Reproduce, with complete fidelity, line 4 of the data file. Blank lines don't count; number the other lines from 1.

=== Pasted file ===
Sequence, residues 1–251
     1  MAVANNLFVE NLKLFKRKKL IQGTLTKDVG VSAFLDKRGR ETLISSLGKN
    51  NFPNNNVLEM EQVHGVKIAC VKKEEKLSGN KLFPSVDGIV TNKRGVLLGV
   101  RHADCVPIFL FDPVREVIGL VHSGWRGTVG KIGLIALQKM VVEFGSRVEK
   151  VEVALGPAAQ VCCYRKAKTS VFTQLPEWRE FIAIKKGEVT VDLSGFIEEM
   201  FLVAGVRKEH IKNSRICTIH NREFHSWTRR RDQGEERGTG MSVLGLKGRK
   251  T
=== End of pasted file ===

   101  RHADCVPIFL FDPVREVIGL VHSGWRGTVG KIGLIALQKM VVEFGSRVEK